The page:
Daily Life in Pompeii & Herculaneum

Instructor: Ivy Roberts

Ivy Roberts has taught undergraduate-level film studies for over 9 years. She has a PhD in Media, Art and Text from Virginia Commonwealth University and a BA in film production from Marlboro College. She also has a certificate in teaching online from UMGC and non-profit marketing and fundraising from UC Davis.

The ancient cities of Pompeii and Herculaneum were tragically destroyed by the eruption of Mount Vesuvius in 79 A.D. In this lesson, discover how archaeologists make sense of the Roman way of life from evidence found at the sites, and explore the daily life of an ancient Pompeiian.

An Unforeseeable Disaster

Just like when the levees broke during Hurricane Katrina, drowning New Orleans in a deluge, residents of Pompeii had little warning when Mount Vesuvius erupted. On the afternoon of August 24 in the year 79 A.D., the Roman cities of Pompeii and its sister city, Herculaneum, were engulfed in smoke and lava flow. Ever since the ruins were discovered in the mid-eighteenth century, archaeologists have devoted a great deal of energy toward preserving and researching the evidence that these sites hold for their insight into Roman culture and society.

Natural Rhythms

Daily life in these cities rose and fell by the rhythm of the sun. By sunrise, city folk were already going about their business, street vendors selling their wares and shoppers perusing the stalls. The marketplace would have been a flurry of woolen or linen togas and colorful tunics. Men dressed in the simple togas, robes made of a single piece of cloth that hung loosely around the body, which were traditionally white; purple was reserved for upper-class men of distinction. Women wore stolas, long, colorful, sleeveless tunics that hung loosely from the shoulders.

Roman toga and tunic

In the afternoon, Romans often frequented the baths for a therapeutic spa. Bathing was a social activity. Archaeologists have discovered four thermae (public baths) in Pompeii and two in Herculaneum. The Stabian Baths in Pompeii are the oldest and largest in all of Rome, probably built in the 4th century B.C.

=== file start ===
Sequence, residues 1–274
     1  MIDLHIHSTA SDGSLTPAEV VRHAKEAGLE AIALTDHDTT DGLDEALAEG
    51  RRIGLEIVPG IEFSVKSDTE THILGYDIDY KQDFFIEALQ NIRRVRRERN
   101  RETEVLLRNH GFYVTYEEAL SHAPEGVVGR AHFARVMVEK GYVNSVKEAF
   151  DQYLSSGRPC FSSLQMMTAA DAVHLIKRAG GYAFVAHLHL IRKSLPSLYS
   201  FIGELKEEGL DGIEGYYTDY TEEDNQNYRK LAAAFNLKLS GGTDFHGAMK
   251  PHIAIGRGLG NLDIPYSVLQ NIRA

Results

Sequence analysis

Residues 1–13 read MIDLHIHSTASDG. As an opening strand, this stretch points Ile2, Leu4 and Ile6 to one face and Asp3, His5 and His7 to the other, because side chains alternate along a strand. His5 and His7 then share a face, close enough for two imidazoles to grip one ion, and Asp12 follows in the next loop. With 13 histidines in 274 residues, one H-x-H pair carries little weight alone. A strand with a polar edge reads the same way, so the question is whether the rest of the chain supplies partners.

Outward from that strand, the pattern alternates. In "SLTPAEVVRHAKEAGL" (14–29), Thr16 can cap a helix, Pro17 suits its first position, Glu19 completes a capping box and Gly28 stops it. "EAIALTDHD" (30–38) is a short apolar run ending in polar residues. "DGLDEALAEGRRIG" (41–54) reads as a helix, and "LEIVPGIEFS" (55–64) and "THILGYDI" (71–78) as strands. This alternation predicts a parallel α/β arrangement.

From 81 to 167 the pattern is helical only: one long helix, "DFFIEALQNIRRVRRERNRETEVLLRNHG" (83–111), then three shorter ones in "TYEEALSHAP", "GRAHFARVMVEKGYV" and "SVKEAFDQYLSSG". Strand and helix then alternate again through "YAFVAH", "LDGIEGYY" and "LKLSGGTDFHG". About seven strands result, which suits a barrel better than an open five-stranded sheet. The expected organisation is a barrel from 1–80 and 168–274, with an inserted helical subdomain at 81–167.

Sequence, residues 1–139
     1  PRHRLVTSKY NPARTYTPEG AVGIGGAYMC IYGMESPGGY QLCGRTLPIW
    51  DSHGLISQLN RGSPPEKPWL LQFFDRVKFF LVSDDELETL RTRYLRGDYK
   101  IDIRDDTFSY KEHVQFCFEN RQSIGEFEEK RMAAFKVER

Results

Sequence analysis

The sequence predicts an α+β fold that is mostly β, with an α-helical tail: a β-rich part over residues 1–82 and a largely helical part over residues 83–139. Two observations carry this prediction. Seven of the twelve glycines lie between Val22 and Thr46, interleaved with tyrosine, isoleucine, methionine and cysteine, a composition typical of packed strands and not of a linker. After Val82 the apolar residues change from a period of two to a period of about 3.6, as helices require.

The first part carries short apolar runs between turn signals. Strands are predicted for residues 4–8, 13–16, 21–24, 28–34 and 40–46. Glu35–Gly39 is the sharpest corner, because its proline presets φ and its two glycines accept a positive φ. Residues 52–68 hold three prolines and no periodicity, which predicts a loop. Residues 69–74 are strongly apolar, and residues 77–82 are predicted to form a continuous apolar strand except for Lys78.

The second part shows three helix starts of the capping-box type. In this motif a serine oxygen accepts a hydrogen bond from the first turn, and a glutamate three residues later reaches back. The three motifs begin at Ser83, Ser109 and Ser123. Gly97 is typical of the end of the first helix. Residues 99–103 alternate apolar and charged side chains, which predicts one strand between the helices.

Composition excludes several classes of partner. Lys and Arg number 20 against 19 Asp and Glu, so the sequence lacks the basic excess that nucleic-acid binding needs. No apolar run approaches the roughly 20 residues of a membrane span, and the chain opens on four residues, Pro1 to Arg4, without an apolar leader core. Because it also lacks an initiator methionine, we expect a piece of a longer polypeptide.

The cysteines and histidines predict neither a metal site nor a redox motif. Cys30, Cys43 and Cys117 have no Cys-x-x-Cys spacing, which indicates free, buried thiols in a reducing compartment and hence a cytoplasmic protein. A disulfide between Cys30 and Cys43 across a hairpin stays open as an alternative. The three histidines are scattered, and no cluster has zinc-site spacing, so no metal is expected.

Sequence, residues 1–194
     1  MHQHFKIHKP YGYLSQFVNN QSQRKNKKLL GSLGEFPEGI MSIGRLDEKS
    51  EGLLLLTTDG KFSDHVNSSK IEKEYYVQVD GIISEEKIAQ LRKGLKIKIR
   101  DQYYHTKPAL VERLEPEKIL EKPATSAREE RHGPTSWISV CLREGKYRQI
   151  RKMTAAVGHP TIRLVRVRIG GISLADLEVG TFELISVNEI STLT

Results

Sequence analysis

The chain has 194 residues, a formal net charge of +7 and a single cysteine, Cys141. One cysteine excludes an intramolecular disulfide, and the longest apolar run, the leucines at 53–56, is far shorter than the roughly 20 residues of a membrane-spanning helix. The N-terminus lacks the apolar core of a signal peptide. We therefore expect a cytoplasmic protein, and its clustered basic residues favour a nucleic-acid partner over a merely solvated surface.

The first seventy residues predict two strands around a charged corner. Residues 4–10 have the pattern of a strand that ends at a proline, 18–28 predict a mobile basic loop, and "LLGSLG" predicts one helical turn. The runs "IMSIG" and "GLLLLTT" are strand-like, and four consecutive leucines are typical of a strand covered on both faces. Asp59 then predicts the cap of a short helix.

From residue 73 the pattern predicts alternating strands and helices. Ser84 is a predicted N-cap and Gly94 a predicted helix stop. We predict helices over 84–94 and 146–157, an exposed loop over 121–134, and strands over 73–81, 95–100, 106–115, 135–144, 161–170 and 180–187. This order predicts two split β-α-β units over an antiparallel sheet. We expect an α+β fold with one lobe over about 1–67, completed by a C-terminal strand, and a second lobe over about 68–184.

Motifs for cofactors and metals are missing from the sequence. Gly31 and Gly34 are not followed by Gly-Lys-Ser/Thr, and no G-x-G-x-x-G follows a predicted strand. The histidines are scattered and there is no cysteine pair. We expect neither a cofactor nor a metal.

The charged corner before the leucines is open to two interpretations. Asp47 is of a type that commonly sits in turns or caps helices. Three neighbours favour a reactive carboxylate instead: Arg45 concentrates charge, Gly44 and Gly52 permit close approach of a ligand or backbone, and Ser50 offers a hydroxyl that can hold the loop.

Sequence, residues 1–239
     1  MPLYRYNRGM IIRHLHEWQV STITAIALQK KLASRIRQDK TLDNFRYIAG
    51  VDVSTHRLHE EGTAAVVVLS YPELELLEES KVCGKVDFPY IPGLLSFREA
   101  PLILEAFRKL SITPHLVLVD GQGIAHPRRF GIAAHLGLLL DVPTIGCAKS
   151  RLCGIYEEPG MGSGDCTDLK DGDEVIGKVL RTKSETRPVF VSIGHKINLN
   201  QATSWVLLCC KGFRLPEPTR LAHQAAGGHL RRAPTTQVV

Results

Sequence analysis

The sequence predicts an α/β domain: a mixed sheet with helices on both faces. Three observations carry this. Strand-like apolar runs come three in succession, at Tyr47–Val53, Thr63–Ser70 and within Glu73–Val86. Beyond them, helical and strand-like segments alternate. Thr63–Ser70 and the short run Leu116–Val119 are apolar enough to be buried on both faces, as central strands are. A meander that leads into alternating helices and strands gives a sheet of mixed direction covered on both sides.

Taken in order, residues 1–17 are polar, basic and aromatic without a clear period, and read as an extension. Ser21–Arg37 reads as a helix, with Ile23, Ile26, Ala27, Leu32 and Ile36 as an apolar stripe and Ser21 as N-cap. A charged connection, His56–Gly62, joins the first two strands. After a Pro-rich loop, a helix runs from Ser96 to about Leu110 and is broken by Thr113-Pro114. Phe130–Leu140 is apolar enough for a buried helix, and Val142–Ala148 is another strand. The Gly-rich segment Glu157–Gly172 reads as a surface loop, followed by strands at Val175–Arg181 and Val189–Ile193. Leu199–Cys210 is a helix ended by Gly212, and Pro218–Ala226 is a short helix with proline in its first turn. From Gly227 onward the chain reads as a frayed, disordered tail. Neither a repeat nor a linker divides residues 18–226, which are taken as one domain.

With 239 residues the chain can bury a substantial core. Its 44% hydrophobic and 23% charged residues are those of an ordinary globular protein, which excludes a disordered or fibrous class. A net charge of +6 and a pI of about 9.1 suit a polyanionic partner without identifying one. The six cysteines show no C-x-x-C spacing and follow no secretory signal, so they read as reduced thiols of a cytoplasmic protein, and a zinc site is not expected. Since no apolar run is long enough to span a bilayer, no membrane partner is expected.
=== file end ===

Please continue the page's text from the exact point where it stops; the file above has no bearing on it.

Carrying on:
Men and women bathed in separate rooms of the complex. The ceilings and walls were decorated in tile mosaics, engravings, and artwork. Stone engravings depict cherubs and human figures riding on the backs of ocean creatures. Stucco murals also depict graphic images of men and women engaged in sexual acts.

Stone engraving in the Stabian Baths

Food, Wine, and Dining

Pompeiians usually returned indoors by sunset because streets were known to be unsafe at night. They began dinner, their most important meal of the day, at around 4 p.m.

Archaeologists have uncovered petrified seeds and pits, animal bones, fish bones, and shells, and even whole loaves of bread. This, along with artwork from the time, suggests that Pompeiians enjoyed a varied diet: meat, cheese, eggs, vegetables, fruit, nuts, and olives. Romans were also famous for a seafood delicacy called garum, a fermented seafood preparation of anchovies, mackerel, and shellfish, which was used as a sauce.

Many homes also featured a central garden, in which fig, olive, and cherry trees were planted. Murals depict these gardens, showing the rich diversity of cultivated fruit trees, vegetable plants, and fowl.

Garden painting (30-35 AD) from Pompeii, House of the Golden Bracelet

While lifestyles of the rich were decadent, slaves and poor folk subsisted on a diet of porridge and scraps. The slaves who prepared meals for the wealthier residents enjoyed a dinner of porridge in the kitchen while their masters dined lavishly.

Hygiene and Sanitation

Judging by the state of their kitchens and the process in which they prepared meals, Pompeiians followed a poor strategy of hygiene and sanitation. Only the wealthiest of homes had internal plumbing, toilets, and access to water. In houses that did have toilets, they were located in the kitchen. Residents frequented the numerous public fountains and public lavatories. Public fountains often obstructed roadways, suggesting that access to water was more important than ease of transportation.

Even though Pompeiians had a sophisticated aqueduct system, which syphoned fresh water from the nearby Sarno river, the pipes were made out of lead, and there is evidence that lead was used in cookware as well. By eating and drinking out of lead-based pots and pipes, the Romans were unknowingly poisoning themselves. We're inundated with warnings against lead today: only use unleaded gasoline, avoid lead-based paint, etc. But it wasn't until the mid-twentieth century that scientists discovered the toxic qualities of lead.

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